WASHINGTON, Sept. 25 (UPI) -- Pentagon officials warn that millions of defense employees may have to work without pay next week as a budget deadline approaches.
Lawmakers have been scrambling to reach a budget agreement for fiscal year 2016, but partisan disagreements have stalled the process. Defense industry members issued an open letter earlier in September voicing their concerns, saying that operating under a continued long-term resolution would threaten their ability to provide the best services for national security interests.
Should Congress fail to reach a compromise, the U.S. government will shut down for the second time in two years. Service members in the U.S. Armed Forces will still have to report to work, however they will not receive paychecks until the shutdown ends. Furloughed federal workers were awarded back pay following the previous government shutdown in 2013. The Department of Defense said some 1.3 million U.S. troops and 742,000 workers could be affected.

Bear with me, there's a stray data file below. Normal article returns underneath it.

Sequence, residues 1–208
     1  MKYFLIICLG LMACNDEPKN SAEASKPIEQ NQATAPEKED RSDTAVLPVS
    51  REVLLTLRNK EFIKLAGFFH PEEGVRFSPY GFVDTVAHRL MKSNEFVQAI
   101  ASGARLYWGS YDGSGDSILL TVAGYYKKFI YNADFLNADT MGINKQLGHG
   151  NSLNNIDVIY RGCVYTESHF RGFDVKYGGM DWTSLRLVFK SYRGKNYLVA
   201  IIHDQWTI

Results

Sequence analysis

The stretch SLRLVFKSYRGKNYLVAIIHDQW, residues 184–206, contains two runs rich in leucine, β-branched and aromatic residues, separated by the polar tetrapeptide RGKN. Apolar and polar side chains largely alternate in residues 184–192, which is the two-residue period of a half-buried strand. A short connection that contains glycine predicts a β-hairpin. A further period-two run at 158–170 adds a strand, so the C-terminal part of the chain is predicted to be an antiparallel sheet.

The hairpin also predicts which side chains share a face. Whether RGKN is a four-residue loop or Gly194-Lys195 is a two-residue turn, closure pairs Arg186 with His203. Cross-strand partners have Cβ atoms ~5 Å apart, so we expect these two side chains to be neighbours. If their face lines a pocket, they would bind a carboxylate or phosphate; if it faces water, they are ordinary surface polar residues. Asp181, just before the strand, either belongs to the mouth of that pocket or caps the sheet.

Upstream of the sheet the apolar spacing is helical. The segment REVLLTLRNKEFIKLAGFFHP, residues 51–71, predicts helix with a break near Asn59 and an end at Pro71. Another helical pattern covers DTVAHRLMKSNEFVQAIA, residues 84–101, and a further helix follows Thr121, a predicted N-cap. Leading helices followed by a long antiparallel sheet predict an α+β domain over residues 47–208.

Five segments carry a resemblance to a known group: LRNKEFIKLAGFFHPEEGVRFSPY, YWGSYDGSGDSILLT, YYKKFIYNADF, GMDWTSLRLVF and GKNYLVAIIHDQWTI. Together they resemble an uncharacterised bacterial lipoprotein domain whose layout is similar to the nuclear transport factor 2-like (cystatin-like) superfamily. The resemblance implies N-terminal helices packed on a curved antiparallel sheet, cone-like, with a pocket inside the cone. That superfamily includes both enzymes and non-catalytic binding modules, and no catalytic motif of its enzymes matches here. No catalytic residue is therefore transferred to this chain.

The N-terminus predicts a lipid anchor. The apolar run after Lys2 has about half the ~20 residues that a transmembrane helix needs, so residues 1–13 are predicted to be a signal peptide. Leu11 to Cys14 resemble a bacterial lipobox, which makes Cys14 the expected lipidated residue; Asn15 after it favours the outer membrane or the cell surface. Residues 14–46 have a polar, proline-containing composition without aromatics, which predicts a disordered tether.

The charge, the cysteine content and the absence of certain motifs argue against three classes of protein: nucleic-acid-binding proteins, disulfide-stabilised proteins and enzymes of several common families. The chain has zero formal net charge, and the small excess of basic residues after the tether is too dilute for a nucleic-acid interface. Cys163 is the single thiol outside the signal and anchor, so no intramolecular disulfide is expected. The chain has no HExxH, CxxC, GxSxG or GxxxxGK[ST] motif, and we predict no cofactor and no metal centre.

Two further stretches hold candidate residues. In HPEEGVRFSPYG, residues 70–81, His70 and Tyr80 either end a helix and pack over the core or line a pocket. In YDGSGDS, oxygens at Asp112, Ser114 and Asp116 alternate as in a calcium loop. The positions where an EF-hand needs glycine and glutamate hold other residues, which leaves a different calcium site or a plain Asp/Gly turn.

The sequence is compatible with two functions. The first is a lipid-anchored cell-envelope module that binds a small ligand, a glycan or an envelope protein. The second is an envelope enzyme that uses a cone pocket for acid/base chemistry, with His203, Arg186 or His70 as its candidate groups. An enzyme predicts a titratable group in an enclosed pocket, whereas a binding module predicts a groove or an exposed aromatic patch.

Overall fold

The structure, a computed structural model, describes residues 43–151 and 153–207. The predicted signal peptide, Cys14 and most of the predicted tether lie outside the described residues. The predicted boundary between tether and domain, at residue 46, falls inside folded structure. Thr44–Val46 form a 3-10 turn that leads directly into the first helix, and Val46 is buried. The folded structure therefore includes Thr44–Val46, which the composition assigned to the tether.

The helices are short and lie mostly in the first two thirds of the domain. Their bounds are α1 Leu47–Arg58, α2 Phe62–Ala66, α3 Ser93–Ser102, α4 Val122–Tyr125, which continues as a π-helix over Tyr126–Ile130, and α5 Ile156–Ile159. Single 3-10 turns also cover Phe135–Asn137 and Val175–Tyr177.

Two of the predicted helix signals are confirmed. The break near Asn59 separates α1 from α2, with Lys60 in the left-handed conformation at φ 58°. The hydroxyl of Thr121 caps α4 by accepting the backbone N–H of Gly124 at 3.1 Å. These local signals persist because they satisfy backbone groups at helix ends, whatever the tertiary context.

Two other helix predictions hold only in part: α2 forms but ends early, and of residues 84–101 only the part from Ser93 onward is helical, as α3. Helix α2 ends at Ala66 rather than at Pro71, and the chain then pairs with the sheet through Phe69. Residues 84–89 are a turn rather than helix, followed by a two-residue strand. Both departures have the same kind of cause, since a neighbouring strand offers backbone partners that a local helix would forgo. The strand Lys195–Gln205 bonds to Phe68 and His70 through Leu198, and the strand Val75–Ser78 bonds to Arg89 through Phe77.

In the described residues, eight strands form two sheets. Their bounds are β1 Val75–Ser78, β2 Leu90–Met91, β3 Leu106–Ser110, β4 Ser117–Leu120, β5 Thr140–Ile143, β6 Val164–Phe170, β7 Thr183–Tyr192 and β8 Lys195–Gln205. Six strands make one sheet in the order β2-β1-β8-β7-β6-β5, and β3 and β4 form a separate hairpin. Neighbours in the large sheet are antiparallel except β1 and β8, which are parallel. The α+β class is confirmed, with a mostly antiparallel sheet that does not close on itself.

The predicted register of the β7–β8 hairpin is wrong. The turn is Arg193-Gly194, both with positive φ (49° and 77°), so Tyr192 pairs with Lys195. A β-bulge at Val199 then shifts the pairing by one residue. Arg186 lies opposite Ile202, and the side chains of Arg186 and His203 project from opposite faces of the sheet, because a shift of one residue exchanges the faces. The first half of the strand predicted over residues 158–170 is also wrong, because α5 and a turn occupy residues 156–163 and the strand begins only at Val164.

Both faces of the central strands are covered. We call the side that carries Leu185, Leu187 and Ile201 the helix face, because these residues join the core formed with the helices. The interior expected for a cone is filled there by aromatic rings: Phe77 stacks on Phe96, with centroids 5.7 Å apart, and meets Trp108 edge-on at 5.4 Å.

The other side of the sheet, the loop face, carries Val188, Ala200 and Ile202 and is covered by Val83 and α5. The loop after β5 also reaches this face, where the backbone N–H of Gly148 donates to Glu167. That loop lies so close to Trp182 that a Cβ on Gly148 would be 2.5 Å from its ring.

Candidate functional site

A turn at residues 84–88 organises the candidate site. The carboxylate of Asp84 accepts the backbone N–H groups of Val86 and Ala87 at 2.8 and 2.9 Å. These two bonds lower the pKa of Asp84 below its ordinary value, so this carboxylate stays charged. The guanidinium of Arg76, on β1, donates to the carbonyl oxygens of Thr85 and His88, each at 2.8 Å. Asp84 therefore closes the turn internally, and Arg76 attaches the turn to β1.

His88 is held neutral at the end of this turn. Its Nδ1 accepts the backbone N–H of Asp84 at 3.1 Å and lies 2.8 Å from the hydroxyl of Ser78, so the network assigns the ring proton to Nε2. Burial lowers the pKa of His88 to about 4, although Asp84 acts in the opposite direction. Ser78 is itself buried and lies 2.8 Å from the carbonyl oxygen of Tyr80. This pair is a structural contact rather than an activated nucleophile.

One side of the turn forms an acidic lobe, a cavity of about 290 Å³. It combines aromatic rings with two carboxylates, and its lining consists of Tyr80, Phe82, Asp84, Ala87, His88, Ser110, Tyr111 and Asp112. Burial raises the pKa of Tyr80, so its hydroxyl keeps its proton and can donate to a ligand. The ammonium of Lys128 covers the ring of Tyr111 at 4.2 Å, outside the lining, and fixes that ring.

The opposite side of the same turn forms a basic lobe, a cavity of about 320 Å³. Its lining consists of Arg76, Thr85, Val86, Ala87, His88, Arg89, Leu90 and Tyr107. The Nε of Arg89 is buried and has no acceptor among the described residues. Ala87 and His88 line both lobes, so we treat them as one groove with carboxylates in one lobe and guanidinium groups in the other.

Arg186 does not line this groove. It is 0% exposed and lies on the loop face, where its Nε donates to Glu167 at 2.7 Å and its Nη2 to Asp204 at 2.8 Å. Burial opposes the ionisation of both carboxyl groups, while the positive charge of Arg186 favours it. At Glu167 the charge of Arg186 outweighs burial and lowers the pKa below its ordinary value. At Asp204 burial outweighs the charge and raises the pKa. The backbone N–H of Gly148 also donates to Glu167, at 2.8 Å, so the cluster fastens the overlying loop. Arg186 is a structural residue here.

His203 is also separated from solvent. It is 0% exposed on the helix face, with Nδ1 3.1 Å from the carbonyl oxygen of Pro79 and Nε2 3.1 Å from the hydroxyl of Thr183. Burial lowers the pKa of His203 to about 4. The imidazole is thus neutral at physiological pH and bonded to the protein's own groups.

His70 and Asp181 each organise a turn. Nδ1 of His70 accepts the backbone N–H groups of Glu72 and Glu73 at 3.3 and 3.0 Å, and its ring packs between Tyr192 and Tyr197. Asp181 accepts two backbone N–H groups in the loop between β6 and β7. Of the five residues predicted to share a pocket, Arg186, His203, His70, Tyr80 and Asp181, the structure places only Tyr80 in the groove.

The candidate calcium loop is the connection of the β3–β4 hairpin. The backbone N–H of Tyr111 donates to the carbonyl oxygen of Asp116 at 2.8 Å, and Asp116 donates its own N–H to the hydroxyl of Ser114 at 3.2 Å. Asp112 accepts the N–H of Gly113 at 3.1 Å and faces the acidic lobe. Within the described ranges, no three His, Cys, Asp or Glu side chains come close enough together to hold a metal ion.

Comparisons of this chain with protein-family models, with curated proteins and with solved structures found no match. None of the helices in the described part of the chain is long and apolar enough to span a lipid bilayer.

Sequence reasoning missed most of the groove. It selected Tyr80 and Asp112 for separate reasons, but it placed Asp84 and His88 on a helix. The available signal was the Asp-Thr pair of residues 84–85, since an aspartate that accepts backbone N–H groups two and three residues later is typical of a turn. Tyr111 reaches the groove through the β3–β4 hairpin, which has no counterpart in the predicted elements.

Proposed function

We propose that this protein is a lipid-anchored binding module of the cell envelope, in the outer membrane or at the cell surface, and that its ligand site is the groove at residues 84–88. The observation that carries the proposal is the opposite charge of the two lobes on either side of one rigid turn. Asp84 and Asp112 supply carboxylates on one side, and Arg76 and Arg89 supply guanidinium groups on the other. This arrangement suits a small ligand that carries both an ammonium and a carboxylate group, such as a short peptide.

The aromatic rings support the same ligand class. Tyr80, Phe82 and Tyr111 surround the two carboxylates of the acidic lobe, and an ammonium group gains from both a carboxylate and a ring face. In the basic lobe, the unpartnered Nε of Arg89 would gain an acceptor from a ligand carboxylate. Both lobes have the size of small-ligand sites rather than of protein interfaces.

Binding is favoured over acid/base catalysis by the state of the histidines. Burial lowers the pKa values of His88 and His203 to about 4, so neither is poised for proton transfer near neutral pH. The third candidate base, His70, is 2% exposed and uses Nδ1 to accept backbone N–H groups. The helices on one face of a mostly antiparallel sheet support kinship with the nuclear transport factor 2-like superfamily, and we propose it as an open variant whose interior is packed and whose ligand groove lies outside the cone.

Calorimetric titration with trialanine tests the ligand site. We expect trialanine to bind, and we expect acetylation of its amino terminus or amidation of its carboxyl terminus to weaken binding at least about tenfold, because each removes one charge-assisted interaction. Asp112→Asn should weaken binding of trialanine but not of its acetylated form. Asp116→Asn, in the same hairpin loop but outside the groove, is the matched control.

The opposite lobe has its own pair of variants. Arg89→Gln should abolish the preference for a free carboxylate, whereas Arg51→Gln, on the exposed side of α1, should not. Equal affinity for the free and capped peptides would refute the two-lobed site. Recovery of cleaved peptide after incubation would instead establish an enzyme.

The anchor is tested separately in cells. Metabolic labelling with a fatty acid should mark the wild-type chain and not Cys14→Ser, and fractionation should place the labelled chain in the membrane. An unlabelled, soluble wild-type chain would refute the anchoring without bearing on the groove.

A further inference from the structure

"The uncertainty of the current circumstances puts our workforce in a difficult situation," Deputy Defense Secretary Robert Work said in a memo. "It could impose hardships on many employees as well the people we serve every day."
Defense spending has been a topic of interest in budget discussions on Capitol Hill. President Barack Obama has stated he would not accept a budget that "shortchanges readiness", assuring service members they will get paid despite disagreements.
Spending under the Defense Department's budget request for fiscal year 2016 would account for 3.1 percent of the U.S. gross-domestic product (GDP).